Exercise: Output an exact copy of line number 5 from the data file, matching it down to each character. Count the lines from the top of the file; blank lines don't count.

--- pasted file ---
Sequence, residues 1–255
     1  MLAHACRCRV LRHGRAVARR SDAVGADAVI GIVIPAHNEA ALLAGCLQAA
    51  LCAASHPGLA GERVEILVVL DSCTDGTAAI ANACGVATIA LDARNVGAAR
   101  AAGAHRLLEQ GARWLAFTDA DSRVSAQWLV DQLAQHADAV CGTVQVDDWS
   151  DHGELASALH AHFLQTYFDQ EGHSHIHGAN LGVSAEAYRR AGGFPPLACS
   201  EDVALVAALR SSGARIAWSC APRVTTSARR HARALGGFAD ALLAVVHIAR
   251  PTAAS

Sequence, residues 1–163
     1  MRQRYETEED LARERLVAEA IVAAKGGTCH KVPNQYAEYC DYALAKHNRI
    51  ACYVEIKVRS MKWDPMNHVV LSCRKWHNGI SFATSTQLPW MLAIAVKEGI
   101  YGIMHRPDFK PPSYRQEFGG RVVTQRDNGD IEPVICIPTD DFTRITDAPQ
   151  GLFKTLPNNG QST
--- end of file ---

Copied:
   151  DHGELASALH AHFLQTYFDQ EGHSHIHGAN LGVSAEAYRR AGGFPPLACS